Although he has written more than fifty books over a long career, Alexander McCall Smith is best known for the No. 1 Ladies’ Detective series novels featuring Precious Ramotswe, a woman of traditional build who solves mysteries in Gaborone, Botswana. The first five volumes of that series, beginning with The No. 1 Ladies’ Detective Agency (1998), sold more than five million copies and were translated into more than thirty languages. Readers were charmed by Mma Ramotswe and her gentleness, her optimism, and her affirming insights into human nature. With The Sunday Philosophy Club, McCall Smith begins a new series, also featuring a woman detective with a sense that people are basically good.
Isabel Dalhousie, the main character, is an independently wealthy, middle-aged woman living in Edinburgh. Her mind is of a philosophical bent, and she is editor of a scholarly journal, “The Review of Applied Ethics,” as well as head of an informal group that calls itself the Sunday Philosophy Club. She listens to classical music, collects valuable paintings, and begins her mornings with a cup of coffee and the crossword puzzle. She sips tea while working on manuscripts in the afternoon and sips good wine while chatting with friends in the evening. Like her spiritual cousin Precious Ramotswe, she is motivated by a genuine desire to live a good life, rather than by greed or jealousy.
As in the books of the No. 1 Ladies’ Detective series, there is no violence and no blood in The Sunday Philosophy Club. Isabel is attending a thoroughly civilized concert by the Reykjavik Symphony at Usher Hall when she happens to see, in the novel's first sentence, a young man fall to his death from “the gods,” or the hall's highest balcony. Although the death is horrible and sad, even when describing the body, the narrator's gaze remains firmly on the intimate details of the young man's humanity, “his legs twisted over the arms of the neighboring seats, one foot …without a shoe, but stockinged.” Although it kills him, the fall from up high leaves the victim with a “halo of tousled dark hair and the fine features, undamaged.”
While the authorities examine the body and then take it away, Isabel climbs to the upper balcony to look for clues. She has none of the swagger or feisty impertinence of other amateur detectives like Lord Peter Wimsey or Miss Marple; in fact, when a man below sees her looking down from the balcony, Isabel is embarrassed: “What must he have thought of her?”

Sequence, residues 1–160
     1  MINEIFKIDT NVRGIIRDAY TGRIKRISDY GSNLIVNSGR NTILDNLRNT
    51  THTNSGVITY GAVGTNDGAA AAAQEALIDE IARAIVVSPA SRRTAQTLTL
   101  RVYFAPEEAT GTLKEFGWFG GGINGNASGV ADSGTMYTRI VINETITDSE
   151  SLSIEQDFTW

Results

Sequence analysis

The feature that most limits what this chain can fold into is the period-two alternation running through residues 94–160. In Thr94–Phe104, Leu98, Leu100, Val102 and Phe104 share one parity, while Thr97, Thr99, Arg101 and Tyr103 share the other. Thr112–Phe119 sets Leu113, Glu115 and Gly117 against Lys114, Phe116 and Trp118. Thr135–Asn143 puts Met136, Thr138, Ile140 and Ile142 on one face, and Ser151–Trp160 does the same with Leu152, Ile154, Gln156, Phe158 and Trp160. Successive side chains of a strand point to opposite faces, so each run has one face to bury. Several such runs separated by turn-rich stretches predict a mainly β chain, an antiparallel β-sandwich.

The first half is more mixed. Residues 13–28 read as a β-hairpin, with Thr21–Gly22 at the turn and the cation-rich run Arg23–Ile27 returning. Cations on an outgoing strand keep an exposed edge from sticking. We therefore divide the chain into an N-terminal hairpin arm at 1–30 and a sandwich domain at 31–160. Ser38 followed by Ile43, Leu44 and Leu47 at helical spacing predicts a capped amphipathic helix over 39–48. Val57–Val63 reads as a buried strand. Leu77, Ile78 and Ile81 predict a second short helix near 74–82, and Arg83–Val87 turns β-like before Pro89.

Isabel's decision to investigate the death is a reluctant one, and slow in coming. The morning after the young man falls, she tries to tell her housekeeper, Grace, about it, but her mind wanders, first to a memory of two Scottish poets and then to a long-ago news story about a man falling to his death on his honeymoon in South America. Trying to settle in with the crossword puzzle, Isabel reflects on the man who died, wondering, “Would she have felt differently if he had been somebody older? Would there have been the same poignancy had the lolling head been grey, the face lined with age rather than youthful?” She does not find the answer, but for whatever reason, the death nags at her.
It turns out that Isabel's niece, Cat, owner of a coffeehouse and delicatessen, slightly knew the dead man, Mark Fraser, because he lived in her neighborhood and was an occasional customer. Isabel's conversation with Cat, intended as an airing of Isabel's thoughts about the death, becomes instead a discussion of Cat's new boyfriend, Toby. Isabel invites them to dinner and develops an instant (and astute) dislike for the pretentious Toby, who wears corduroy trousers the color of crushed strawberries.
Listening to Cat and Toby, Isabel begins to reflect on the wonderful qualities of her own college lover, John Liamor. Brilliant, handsome and condescending, he was as arrogant and thoughtless as Isabel was reasonable and kind. Eventually they were married, in a way, but he soon proved...
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